Small but clever, these little creatures have adapted to winter’s snows.
Among the mammals that winter-over in Tahoe, squirrels and chipmunks are perhaps the most numerous, and interesting, employing a variety of strategies to make it through the long, snowy season. Like all creatures that stick around through the harshest months of the year, squirrels either can stay active and try to find enough food to meet the high energetic demands of freezing temperatures and deep snow, or they can shut down and simply wait for warmer weather. Our diverse community of squirrels exhibits a full range of strategies across this spectrum.
Flying by Night
Tree squirrels tend to stay active, especially the large western gray squirrels that put on a bushy winter coat. The smaller Douglas’ squirrels are less insulated and more prone to sleeping through brief periods of particularly bad weather. Northern flying squirrels, which might lose their ability to glide if they put on weight through added fat or fur, do not hibernate at all. Rather, they huddle together in tree cavities or well-constructed nests to wait out storms, and forage for fungus during the coldest part of the day: the night. All flying squirrels are nocturnal, presumably due to daytime predator dangers, but this certainly makes their survival even more difficult during cold winter nights. Despite this penalty, most find enough food to make it through.
Staying on Schedule
Our four species of ground squirrels hibernate for the winter, a sensible strategy for animals that forage on ground that can be covered by tens of feet of snow for months at a time. Over millennia, this schedule can become hard-wired, such that actual snow on the ground has little to do with the timing of hibernation. In fact, female Belding’s ground squirrels start their hibernation in August to save energy, giving them one of the longest dormancies of any North American mammal—approximately eight months! Marmots pack on fat to survive their long hibernation, but the bounty of fresh greens, their favored food, occurs earlier in summer. Mid-summer obesity would make them easy targets for predators, so they wait until the end of the season, and then convert vegetation into body fat as fast as they possibly can.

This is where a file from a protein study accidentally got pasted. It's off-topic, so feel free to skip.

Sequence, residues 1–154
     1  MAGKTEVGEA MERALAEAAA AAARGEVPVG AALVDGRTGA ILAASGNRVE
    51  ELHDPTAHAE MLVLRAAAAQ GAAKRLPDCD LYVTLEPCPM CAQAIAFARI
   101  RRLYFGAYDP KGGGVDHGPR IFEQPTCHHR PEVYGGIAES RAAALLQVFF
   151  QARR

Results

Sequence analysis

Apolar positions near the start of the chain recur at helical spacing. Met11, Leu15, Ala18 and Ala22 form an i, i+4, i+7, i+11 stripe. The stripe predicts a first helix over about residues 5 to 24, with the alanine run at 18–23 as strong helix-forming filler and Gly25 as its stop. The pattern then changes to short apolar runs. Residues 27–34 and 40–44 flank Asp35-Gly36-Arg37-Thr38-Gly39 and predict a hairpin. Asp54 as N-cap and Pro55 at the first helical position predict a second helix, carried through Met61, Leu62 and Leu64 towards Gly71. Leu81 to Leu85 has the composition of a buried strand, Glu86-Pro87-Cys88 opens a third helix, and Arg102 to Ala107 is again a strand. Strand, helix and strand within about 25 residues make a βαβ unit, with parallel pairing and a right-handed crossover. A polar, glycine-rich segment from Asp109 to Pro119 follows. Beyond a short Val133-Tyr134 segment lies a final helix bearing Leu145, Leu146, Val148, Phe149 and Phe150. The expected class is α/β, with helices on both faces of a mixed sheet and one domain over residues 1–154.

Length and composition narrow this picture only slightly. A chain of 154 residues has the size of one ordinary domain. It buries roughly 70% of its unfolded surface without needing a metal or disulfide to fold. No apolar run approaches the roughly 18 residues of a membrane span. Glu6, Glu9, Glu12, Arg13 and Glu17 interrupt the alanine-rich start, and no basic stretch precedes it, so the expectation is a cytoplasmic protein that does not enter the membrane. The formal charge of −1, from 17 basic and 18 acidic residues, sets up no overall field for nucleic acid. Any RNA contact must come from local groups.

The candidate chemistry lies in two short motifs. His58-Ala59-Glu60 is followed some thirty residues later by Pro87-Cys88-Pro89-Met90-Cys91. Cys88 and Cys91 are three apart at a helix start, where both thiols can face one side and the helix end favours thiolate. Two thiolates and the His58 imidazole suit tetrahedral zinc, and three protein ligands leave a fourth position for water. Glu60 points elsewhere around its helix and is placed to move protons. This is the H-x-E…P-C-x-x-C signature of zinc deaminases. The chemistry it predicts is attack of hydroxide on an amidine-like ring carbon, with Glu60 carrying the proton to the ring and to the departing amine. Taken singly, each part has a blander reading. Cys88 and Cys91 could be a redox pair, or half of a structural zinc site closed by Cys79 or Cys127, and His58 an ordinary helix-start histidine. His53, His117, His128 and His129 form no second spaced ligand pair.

The Tahoe region has no fewer than five species of chipmunk, all of whom larder caches of food to survive the winter. Through the winter, these animals sleep for brief periods (e.g. two weeks), and then wake just long enough to eat a snack and rid themselves of digestive wastes. During warmer periods, they may surface briefly for a little exercise and fresh air. Alternatively, they may surface for long periods. In fact, much like Tahoe’s bears, the amount of torpor our chipmunks exhibit can vary tremendously from year to year and from place to place. It all depends on how much food is available. If our chipmunks can find food through the winter, they will stay active and eat. If food is too hard to come by, they can save considerable energy by retiring to their cycles of hibernation. Regardless, the chipmunks will “squirrel away” as many seeds and berries as they can during the fall. These larders become especially important in March, when stores may be running low, and deep snows cover last year’s seed crop. The shadow chipmunk is somewhat unique in that it also puts on a layer of fat for the winter, and therefore does not have to wake nearly as often as the other species.
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